May 29 2010

A Greener North Cackalacky

I’m sure it must have started at such a small scale; everyone thought that energy was worth one mountain. After all, it was just one mountain. And just look at all that coal, buried treasure under the hardwood forests and clear rivers. Look at all that potential under West Virginia and Virginia. One turned to two, turned to one hundred, turned to five hundred. Valleys become flat lands, filled with the dirt from the mountain tops. Rivers dried up with sediment, rich in heavy metals and other contaminants. Trees were clear cut, leaving the soil to blow in the breeze. Animals fled to their death on busy highways and poison laced basements.

North Carolina gets 60% of the energy needed to supply consumers from coal- coal not from our state, with negative long term and short term impacts bore by others. North Carolinians would fight tooth and claw, throwing down the sweet tea and biscuits to defend our beaches, mountains, and pecan trees from bulldozers, chemical pollution and chain saws. Why are we so complacent to allow this to happen to the Appalachian mountains in another state; why are we accepting of our heinous way of gathering energy? There are so many alternatives to coal to be hand from this glorious state- solar, wind and coastal energy could change our dependence from a finite dirty source to dependable, renewable green energy.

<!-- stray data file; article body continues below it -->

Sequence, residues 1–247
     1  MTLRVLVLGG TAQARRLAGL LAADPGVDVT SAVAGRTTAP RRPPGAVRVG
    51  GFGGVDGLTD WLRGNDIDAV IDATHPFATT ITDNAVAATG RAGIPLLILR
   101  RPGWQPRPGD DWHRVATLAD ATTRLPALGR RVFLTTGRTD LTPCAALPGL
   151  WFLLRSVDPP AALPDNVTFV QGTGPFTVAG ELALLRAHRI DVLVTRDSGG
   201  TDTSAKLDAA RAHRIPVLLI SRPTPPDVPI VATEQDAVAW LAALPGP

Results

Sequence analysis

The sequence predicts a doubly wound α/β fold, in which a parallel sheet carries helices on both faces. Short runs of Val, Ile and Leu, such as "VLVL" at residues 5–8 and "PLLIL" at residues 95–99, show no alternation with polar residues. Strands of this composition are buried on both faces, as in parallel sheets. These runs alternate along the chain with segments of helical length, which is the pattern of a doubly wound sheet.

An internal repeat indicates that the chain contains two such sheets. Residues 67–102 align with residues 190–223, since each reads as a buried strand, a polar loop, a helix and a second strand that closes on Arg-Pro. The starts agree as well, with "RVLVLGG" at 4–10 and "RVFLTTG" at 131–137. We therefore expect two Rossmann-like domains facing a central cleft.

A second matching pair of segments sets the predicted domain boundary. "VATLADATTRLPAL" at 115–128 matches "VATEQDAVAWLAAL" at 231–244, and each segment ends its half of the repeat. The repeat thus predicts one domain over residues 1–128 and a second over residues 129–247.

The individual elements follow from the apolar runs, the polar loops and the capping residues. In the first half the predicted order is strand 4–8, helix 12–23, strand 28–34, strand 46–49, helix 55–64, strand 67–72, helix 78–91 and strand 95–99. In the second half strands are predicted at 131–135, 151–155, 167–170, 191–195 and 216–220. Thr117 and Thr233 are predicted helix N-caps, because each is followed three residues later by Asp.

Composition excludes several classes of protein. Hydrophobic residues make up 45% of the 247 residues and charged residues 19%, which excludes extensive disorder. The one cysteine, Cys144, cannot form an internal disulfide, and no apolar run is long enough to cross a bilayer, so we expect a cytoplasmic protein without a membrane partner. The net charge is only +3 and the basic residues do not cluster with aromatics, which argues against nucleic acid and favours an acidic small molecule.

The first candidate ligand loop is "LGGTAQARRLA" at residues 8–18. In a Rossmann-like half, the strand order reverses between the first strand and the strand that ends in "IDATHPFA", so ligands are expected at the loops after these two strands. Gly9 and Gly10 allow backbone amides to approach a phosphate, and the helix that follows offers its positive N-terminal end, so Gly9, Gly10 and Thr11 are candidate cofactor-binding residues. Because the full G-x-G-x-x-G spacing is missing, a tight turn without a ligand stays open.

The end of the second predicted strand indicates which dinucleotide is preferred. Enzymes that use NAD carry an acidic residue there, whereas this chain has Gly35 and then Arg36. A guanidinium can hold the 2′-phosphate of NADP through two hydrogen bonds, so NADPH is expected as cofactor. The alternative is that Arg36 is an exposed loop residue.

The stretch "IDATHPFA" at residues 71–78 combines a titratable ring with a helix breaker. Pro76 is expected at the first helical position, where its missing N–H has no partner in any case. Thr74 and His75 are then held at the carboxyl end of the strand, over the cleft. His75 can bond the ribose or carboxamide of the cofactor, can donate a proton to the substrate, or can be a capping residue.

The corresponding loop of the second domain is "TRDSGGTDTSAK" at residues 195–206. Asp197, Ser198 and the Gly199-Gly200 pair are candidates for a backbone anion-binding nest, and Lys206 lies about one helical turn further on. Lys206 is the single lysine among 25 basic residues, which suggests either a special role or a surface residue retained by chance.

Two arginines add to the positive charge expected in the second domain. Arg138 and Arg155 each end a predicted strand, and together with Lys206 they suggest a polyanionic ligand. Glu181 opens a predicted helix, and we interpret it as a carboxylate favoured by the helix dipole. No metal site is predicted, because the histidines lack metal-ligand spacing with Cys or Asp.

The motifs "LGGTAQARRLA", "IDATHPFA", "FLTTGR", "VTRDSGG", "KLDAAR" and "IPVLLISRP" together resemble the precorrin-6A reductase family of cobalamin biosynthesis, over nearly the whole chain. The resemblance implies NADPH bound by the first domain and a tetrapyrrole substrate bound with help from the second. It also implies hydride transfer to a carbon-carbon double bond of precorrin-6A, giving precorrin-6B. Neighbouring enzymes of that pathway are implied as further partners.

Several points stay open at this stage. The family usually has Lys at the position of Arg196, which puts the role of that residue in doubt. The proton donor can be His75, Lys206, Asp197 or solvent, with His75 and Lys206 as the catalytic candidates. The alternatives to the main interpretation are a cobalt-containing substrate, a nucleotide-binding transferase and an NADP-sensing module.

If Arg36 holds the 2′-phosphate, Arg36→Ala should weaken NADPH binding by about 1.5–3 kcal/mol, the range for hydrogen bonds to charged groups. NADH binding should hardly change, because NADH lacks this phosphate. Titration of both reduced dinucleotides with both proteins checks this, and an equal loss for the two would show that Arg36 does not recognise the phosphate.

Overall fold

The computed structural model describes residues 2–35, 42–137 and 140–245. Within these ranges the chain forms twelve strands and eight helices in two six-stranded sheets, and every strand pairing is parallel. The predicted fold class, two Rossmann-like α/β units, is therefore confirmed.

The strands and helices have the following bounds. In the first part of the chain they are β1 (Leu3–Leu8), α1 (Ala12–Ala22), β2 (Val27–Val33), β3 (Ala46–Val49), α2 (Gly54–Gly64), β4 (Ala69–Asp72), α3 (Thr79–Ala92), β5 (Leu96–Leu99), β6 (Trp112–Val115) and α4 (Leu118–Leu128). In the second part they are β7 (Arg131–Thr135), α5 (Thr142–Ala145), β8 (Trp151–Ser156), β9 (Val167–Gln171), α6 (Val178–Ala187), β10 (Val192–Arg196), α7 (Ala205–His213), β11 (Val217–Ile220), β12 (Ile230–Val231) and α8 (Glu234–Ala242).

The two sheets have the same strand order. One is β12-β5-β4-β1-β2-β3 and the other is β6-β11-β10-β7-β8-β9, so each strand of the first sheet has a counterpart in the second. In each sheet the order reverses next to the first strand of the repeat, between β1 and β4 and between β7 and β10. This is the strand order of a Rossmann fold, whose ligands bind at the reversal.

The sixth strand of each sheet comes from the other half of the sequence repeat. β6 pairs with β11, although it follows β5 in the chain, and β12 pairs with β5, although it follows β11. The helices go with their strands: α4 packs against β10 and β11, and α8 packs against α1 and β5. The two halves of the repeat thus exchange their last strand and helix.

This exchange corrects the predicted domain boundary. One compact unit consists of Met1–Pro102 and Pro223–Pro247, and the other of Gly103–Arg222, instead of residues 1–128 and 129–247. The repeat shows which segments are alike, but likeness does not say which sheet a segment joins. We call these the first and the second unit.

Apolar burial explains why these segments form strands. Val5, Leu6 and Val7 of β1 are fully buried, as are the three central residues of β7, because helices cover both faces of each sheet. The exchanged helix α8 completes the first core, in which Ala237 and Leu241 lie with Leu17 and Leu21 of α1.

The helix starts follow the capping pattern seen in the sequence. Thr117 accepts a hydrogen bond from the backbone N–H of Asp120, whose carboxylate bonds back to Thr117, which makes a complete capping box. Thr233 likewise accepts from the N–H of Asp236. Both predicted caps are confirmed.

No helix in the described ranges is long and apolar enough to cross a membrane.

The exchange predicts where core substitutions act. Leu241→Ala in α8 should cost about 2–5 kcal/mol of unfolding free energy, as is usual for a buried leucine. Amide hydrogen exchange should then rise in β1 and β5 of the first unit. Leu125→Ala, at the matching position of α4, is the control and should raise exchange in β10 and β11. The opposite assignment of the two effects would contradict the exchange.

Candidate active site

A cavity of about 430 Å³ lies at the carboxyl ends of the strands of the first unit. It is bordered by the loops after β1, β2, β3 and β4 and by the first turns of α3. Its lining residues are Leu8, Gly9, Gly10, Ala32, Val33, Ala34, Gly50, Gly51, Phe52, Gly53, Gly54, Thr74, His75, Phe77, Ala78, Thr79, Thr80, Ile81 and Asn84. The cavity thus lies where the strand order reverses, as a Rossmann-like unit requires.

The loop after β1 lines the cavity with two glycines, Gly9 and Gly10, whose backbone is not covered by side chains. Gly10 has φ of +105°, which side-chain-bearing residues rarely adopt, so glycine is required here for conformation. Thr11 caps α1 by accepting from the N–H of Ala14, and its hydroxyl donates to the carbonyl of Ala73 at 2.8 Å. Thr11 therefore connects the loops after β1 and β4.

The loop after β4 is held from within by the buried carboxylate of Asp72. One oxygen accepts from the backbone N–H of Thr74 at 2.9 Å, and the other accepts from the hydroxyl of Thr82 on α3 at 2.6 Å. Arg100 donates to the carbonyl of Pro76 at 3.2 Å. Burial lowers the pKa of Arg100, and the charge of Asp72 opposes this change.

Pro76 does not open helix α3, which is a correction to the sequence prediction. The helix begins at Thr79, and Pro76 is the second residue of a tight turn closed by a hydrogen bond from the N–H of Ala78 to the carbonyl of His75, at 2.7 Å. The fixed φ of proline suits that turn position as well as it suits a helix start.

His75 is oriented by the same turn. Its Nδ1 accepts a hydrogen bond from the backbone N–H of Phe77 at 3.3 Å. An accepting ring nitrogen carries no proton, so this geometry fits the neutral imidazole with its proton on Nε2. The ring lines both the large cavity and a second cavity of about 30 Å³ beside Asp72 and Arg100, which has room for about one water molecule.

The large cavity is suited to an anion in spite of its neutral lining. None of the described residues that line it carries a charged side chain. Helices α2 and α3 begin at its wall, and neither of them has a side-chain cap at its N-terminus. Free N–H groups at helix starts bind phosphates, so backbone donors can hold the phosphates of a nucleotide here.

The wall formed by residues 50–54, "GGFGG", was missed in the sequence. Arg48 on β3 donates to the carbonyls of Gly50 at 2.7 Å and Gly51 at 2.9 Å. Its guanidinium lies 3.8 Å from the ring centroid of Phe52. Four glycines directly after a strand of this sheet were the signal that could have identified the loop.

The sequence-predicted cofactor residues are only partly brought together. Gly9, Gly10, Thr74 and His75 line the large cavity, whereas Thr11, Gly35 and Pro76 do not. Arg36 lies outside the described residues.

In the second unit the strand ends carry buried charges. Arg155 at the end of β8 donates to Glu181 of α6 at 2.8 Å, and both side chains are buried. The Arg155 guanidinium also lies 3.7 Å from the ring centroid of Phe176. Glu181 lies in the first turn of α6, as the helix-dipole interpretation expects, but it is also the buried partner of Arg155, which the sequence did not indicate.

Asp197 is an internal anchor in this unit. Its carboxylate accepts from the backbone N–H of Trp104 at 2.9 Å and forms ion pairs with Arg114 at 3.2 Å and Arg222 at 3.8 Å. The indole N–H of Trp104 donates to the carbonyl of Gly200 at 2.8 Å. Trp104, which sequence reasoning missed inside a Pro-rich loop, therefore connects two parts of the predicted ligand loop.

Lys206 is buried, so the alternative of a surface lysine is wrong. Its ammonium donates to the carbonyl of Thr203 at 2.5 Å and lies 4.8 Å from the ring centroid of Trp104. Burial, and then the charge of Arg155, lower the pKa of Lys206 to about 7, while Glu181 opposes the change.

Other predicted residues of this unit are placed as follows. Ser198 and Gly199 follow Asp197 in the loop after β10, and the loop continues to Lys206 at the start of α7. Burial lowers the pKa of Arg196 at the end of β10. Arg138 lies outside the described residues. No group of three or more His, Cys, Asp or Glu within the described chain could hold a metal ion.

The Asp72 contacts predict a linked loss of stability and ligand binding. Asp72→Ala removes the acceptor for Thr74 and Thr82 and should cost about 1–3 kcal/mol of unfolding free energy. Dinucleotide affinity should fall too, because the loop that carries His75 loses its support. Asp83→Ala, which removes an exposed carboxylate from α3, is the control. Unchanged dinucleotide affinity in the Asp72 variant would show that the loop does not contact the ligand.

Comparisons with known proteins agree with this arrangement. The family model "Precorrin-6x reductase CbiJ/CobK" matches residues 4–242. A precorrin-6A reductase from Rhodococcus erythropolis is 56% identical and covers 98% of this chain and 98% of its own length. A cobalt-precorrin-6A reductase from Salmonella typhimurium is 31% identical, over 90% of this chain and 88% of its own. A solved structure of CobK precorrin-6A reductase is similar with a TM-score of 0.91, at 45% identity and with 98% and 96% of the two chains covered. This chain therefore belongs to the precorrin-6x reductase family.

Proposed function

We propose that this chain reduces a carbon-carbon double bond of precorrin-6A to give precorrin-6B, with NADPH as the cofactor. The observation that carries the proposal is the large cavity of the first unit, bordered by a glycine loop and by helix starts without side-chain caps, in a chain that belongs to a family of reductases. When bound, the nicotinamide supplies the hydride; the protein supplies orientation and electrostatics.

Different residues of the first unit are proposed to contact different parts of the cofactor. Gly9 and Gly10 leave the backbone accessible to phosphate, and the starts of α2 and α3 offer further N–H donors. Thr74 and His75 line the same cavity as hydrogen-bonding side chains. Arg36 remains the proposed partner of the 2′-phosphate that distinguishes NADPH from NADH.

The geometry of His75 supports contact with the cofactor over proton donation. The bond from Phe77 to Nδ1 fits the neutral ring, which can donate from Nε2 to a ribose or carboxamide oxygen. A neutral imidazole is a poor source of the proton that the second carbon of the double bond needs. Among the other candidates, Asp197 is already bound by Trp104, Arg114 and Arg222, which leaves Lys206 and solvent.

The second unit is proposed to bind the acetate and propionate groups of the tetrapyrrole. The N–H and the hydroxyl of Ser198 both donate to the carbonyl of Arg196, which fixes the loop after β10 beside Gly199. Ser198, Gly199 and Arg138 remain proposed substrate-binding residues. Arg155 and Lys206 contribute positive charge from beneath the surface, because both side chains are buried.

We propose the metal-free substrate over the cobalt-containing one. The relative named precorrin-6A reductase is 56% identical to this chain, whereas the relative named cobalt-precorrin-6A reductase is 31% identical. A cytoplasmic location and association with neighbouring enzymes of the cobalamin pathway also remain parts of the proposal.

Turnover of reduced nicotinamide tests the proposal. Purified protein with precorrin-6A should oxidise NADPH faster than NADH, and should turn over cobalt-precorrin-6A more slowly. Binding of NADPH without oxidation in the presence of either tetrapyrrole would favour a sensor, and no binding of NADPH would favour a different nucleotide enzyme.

I want to bring clean energy to the state that graced me with her gentle summer rains, protective, leafy canopies and sweet tomatoes from a neighbour’s garden. Coastal energy could provide the state with a renewable, clean alternative to the traditional coal. The technologies investigated on this website are the nurtured ideas of many people, some strange, some simple, some unlikely, but all with the intention of providing the world with an alternative to traditional energy sources.

I could not be prouder of my fellow man; back of the envelop ideas, prototypes in the bathtub with late night runs to Home Depot; fighting, defending, proving, working. And of the student that have spent the last two weeks with me, knee deep in “fish eggs” and sand, late into the night on Bruce’s sketch-tastic wireless, researching, contemplating and promoting coastal energy (unless its tidal barrage, run away!). The energy situation would be depressing if it weren’t for these driven individuals who will put wind turbines under water and make a snake to capture the waves. I am eager to work towards making North Carolina’s energy sources as green as our great forests, as reliable as the waves and as inspiring as the people who inhabit it.

2 responses so far

2 Responses to “A Greener North Cackalacky”

  1.   mrrosson 31 May 2010 at 4:33 pm

    Bethyn you should be a poet

  2.   jutrason 31 May 2010 at 9:42 pm

    Bethyn you should be an artist